Second, the bill sets up a process and a structural framework for implementation of the policy at both the federal and regional levels.  Within the federal government, it codifies the interagency Committee on Ocean Policy established administratively by President George W. Bush, and assigns it clear responsibility to facilitate implementation of the national policy.  It also establishes regional ocean partnerships as the focal point for ocean planning and management.  Under the bill, regional planning would be mandatory for federal agencies but voluntary for the states and tribes.   It is hoped that, in addition to funding, the opportunity to craft an integrated ocean policy from the shoreline out 200 miles will provide a substantial incentive for state and tribal participation in regional ocean planning and management. 

Third, Oceans 21 establishes a federal trust fund to support regional ocean planning and management.  While ecosystem-based management is essential for ocean health, no one would argue that it is inexpensive, at least as far as up-front costs are concerned.  However, increased investment in planning and management should good dividends for our coastal and ocean economy.  A shortcoming of Oceans 21 is that the trust fund established by the bill provides only an authorization of appropriations.  Both ocean commissions recommended that a permanently appropriated, dedicated fund for ocean and coastal management be established and that it be capitalized at least in part with revenue derived from commercial activities on the Outer Continental Shelf.  Although it is not unanimously supported within the environmental community, early concerns that such a funding structure would provide an incentive for offshore oil and gas development have largely been resolved or made moot by subsequent developments in OCS policy. 

To provide more effective and reliable support for ocean conservation and management, the Pew Environment Group supports the ocean commissions’ recommendation to establish a dedicated, permanently appropriated trust fund capitalized with a portion of annual OCS receipts.  The trust fund language included in Chairman Rahall’s May 13 staff draft of the Federal Lands and Resources Energy Development Act of 2009 appears to be a good model.  Our understanding is that it complies with congressional pay-go rules.  The proposed trust fund would be used to support three classes of activities for protection, maintenance and restoration of marine ecosystem health: grants to states based on a formula similar to that used to allocate funds under the Coastal Zone Management Act; competitive grants for ocean conservation and management available to public and private entities; and grants to support regional ocean partnerships.  In the early years of the fund, it would be subject to appropriation similar to the Land and Water Conservation Fund.  In later years, the unappropriated balance and new receipts would become available without appropriation under the guidelines of the legislation.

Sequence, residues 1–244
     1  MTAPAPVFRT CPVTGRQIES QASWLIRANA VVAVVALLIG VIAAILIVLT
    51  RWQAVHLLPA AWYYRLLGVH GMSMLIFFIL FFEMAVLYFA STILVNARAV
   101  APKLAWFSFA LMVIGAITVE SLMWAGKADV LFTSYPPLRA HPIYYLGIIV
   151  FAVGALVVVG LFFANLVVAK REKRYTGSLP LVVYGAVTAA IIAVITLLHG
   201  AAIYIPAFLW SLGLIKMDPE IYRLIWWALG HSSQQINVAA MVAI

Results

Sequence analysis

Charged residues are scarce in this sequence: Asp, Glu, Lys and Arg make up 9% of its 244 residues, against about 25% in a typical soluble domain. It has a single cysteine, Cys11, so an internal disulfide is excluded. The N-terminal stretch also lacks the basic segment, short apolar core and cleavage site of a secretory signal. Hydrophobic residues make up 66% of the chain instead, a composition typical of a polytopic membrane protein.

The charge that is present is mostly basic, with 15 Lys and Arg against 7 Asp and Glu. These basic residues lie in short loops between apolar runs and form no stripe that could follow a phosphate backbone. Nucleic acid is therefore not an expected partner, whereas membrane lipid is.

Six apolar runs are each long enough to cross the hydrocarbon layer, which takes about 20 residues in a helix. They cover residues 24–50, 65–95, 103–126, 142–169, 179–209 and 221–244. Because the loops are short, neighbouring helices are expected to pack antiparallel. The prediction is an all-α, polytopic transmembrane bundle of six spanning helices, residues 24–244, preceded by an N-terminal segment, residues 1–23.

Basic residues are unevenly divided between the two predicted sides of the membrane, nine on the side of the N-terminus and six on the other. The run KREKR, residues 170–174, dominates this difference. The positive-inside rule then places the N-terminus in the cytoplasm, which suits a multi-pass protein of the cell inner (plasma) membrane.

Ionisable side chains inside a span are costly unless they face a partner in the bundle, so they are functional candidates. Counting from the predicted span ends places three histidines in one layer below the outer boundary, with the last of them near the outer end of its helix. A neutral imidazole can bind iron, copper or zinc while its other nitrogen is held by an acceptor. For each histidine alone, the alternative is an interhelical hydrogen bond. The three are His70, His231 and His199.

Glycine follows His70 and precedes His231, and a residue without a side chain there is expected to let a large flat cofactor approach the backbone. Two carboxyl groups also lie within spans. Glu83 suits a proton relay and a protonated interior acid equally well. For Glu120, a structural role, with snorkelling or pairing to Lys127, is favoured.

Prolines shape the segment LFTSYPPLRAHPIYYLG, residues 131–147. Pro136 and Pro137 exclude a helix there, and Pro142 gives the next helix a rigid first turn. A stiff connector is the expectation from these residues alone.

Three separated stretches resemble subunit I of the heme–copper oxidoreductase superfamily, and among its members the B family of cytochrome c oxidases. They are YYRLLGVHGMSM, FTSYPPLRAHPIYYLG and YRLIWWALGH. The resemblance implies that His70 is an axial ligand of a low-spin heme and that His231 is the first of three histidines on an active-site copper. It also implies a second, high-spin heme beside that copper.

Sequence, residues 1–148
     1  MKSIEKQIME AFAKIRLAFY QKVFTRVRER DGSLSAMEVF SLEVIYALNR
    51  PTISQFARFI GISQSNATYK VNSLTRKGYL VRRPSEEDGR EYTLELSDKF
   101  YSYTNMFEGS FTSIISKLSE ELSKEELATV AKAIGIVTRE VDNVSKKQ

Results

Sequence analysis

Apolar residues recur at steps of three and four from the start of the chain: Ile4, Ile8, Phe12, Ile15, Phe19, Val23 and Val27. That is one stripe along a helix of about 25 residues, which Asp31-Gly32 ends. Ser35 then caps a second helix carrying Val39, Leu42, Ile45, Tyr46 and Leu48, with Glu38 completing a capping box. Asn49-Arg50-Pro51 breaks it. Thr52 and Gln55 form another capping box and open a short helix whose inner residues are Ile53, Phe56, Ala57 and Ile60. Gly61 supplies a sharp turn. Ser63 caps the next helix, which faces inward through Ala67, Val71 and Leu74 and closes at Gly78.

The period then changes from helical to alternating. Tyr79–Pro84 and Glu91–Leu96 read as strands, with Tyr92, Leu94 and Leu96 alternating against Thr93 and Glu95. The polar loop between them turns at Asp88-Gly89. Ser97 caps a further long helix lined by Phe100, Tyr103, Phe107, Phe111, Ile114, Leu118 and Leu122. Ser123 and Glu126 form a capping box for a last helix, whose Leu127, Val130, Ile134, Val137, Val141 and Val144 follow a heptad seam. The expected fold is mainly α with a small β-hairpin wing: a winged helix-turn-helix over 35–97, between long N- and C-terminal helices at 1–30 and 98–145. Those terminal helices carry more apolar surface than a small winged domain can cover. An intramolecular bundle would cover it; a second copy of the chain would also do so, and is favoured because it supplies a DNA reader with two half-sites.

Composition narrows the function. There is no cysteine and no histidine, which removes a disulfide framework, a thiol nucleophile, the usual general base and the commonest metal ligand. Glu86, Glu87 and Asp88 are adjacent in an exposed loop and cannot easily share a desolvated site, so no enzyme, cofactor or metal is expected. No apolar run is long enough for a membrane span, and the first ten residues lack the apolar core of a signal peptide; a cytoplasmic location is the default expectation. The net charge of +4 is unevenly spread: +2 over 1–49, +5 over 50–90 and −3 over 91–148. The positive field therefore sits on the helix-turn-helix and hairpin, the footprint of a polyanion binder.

These three components are the essential package of ocean governance reforms which, in combination with sustainable fisheries management, are needed to protect, maintain and restore marine ecosystems. 

This hearing is timely, given the Administration’s announcement last week.  It is hoped that the interagency task force, led by the Council on Environmental Quality, can lay the administrative foundation for a comprehensive national ocean policy and a constructive framework for coastal and ocean planning and management.  The Pew Environment Group continues to believe that an Executive Order will be needed to firmly establish the national policy, along with the structure and process for its implementation.  Changing fundamentally the way we approach and manage ocean resources is not going to be easy or quick.  Any changes worth making should be codified into law because they will be needed well beyond the span of a presidential administration.

Madame Chairwoman, we look forward to working with both Congress and the Administration to advance the establishment of a national ocean policy.  I thank you again for the opportunity to provide the views of the Pew Environment Group and I would be happy to answer any questions you may have.